MK: There’s a lot one can say here, but one of the most interesting challenges we’re addressing right now has to do with the stewardship of our legacy projects, some of which are nearly a decade and a half old! See this blog post by my colleague Trevor Munoz for a more detailed discussion.

JK: Following up on the previous question I am wondering about the MITH’s policies on open access and publications. It is a topic I am interested in, particularly in seeing how digital humanities enables collaboration through open access and community. Looking through the website I saw that white papers and reports were available; however I did not necessarily find specific outcome publications. What is relationship between the MITH and open access? Do you see the work at the MITH as part of an alternative form of research to traditional means (please elaborate)?

MK: Pretty much anything MITH does, from actual project work to the kinds of white papers and reports you mention will be available under open access protocols. We also regularly deposit material in our institutional repository here at Maryland. This is a responsibility we take very seriously, not least because of our publicly funded mission. As regards publications, while we do not mandate open access venues—because we’re not in the business of telling individuals where and how to disseminate their scholarship—I think it’s fair to say that most everyone associated with MITH would tend to gravitate toward them anyway.

JK: In thinking about open access as a type of disruptive or subversive space that allows for communication between those outside the academy and those working within, I have been interrogating how open access connects to new infrastructures. How does the MITH support or perhaps even create new infrastructures? How are the MITH’s labs or spaces incorporated into educational material and institutional structures?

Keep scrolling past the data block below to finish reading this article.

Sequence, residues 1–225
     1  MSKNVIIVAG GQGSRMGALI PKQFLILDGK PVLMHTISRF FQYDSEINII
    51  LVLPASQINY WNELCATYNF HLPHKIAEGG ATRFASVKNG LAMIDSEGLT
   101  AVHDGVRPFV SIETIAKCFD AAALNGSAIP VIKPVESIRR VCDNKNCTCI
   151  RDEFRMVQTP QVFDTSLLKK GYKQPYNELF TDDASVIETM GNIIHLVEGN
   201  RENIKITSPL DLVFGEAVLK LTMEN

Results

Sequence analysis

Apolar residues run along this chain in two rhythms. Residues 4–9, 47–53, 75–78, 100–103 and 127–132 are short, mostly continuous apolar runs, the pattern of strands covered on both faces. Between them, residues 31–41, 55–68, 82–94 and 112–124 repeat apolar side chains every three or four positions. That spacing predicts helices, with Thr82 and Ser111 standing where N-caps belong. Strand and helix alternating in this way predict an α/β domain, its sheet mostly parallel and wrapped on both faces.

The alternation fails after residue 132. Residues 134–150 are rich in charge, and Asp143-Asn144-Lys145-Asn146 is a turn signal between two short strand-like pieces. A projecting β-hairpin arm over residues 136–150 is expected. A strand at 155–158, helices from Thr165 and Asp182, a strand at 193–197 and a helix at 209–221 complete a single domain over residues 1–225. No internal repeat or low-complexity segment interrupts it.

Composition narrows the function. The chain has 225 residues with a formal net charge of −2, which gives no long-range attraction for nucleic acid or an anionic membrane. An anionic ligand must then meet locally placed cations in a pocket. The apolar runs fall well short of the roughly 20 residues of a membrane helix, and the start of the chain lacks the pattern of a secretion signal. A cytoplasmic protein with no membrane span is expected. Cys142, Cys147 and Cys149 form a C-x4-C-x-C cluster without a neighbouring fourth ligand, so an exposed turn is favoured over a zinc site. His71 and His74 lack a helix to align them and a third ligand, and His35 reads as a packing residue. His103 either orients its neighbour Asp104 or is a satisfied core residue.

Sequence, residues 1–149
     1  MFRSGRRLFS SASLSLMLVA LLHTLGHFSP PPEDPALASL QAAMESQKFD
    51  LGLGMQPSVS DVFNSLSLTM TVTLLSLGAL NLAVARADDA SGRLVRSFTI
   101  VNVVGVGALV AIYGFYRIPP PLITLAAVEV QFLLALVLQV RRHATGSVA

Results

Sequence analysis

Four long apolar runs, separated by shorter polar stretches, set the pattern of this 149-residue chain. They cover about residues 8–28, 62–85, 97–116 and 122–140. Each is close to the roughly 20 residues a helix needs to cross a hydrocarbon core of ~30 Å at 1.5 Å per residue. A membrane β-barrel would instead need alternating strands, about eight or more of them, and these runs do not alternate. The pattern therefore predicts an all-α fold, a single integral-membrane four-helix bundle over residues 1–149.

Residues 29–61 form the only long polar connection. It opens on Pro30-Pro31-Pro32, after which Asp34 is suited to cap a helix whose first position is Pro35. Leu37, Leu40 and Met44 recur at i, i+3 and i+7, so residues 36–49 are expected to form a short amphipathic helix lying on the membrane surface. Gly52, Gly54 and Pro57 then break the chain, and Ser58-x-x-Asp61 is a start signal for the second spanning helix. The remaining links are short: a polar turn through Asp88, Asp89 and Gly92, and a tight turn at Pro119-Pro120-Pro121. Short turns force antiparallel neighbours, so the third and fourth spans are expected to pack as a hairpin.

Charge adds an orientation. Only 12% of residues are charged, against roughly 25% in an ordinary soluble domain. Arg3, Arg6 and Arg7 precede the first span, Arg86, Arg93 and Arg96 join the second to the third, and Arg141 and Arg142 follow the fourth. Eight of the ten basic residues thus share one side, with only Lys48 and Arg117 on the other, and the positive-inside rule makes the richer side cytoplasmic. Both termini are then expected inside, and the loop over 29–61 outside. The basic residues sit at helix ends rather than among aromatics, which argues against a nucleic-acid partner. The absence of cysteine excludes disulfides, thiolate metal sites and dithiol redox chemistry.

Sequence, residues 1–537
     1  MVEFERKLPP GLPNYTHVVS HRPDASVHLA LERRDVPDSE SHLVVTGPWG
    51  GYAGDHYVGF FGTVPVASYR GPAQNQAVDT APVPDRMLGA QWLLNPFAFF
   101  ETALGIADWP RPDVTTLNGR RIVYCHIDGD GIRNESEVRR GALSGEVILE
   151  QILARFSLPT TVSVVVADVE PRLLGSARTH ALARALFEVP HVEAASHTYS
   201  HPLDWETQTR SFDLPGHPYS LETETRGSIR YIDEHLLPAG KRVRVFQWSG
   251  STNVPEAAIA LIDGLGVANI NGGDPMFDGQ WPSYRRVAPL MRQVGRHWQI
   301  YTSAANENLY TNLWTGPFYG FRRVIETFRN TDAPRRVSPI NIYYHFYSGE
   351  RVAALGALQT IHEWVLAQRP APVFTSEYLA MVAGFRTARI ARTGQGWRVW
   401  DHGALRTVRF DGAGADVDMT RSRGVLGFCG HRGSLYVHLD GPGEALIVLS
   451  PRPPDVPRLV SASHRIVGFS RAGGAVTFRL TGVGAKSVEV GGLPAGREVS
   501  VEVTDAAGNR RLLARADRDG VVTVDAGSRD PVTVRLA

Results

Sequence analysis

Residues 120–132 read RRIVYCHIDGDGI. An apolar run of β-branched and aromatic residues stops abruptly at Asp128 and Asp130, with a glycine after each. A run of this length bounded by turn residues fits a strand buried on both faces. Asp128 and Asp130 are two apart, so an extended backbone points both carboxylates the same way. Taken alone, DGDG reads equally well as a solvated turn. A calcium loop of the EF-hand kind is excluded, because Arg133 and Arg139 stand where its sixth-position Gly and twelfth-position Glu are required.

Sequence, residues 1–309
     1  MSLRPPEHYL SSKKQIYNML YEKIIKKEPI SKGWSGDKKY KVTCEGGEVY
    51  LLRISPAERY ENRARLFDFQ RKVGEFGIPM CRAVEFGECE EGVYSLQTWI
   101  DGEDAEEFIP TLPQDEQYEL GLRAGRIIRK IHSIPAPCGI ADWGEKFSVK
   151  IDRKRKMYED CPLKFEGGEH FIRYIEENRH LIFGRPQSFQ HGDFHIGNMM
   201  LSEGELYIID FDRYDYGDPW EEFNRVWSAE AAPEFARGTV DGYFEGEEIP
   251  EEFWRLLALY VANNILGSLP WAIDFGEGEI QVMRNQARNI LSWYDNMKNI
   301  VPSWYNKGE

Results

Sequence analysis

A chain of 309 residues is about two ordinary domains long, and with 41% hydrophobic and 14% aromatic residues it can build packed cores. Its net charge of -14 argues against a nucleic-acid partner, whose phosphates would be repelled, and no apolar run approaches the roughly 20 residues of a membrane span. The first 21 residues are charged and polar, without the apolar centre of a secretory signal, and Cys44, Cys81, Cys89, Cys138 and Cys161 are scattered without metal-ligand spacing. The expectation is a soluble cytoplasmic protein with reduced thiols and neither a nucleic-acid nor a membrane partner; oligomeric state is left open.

MK: We’re not a public space, though many of our events are open to the public. We do get a fair amount of walk-in traffic, owing both to our locale within one of the campus’s main libraries and the collection of vintage computers that has a tendency to catch people’s eyes. But we couldn’t do our work if we were interacting with the general campus population all day long. That said, we’re always on the alert for opportunities to integrate what we do into the institution’s core teaching and research missions. Not necessarily for purposes of “disruption” but rather so as to take what we do best and allow others to utilize the unique resources and expertise MITH has accrued. Let me give you an example or two. Like the Media Archaeology Lab (whose holdings have far eclipsed ours) we maintain a sizeable collection of working vintage hardware and software: Apples, Macs, Osborne, Kaypro, Tandy, Amiga, and much more. We also have advanced forensic computing resources in-house as a result of some of our past grant funded work. We’ve therefore become something of an unofficial campus go-to for people who have legacy media, and we have helped a number of individuals with compelling needs for data recovery. My favorite episode in this regard involved the pioneering digital artist Paul Zelevansky, who Lori Emerson has also written about. Paul did his first work on an Apple II computer, but was left with a stack of 5¼ floppies when that original machine died. He’s based in Pittsburgh, which is not too far, and had heard about MITH from a mutual friend; so he drove down and we spent an afternoon together, with me helping him to recover a copy of his most important digital work, SWALLOWS, which no one, Paul included, had seen in many years. We were able to do that because it was compatible with our general research mission. On a much larger scale, we also became the home of the Deena Larsen and Bill Bly Electronic Literature Collections, big, messy, but very important hybrid collections of computers, software, data, physical papers, ephemera, and much more related to early hypertext and e-lit. We were able to accept these collections at a time when our traditional library Special Collections would not have been able to do so—again, our freedom and flexibility to pursue projects in keeping with our research agenda gave us the agility to do what other institutional units could not. Nowadays I use those collections in my electronic literature courses, and students have the opportunity to fire up a copy of Marble Springs on one of Deena Larsen’s original Mac SE computers. I don’t know how disruptive that finally is, but they seem to think it’s pretty special.